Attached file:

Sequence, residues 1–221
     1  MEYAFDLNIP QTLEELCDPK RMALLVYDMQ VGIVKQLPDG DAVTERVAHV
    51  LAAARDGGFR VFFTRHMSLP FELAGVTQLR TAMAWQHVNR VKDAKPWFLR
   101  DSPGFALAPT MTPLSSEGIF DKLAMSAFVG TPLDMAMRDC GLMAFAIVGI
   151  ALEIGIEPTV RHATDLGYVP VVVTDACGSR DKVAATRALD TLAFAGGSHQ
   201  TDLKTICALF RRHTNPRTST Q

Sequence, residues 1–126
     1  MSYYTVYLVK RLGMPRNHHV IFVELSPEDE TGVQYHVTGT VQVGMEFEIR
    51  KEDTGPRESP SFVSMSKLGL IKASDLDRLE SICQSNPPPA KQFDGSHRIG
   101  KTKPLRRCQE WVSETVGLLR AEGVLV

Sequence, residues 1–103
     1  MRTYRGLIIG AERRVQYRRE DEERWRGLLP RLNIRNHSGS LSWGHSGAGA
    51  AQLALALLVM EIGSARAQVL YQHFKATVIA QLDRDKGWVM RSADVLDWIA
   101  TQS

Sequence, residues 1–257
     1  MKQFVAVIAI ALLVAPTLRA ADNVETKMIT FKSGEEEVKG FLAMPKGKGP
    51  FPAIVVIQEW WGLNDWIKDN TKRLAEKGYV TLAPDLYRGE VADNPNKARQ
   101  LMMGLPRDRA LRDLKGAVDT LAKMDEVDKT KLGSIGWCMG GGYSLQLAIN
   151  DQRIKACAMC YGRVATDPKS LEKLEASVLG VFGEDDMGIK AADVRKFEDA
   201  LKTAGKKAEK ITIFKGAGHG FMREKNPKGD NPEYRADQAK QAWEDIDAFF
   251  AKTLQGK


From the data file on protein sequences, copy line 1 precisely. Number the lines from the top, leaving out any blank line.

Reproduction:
Sequence, residues 1–221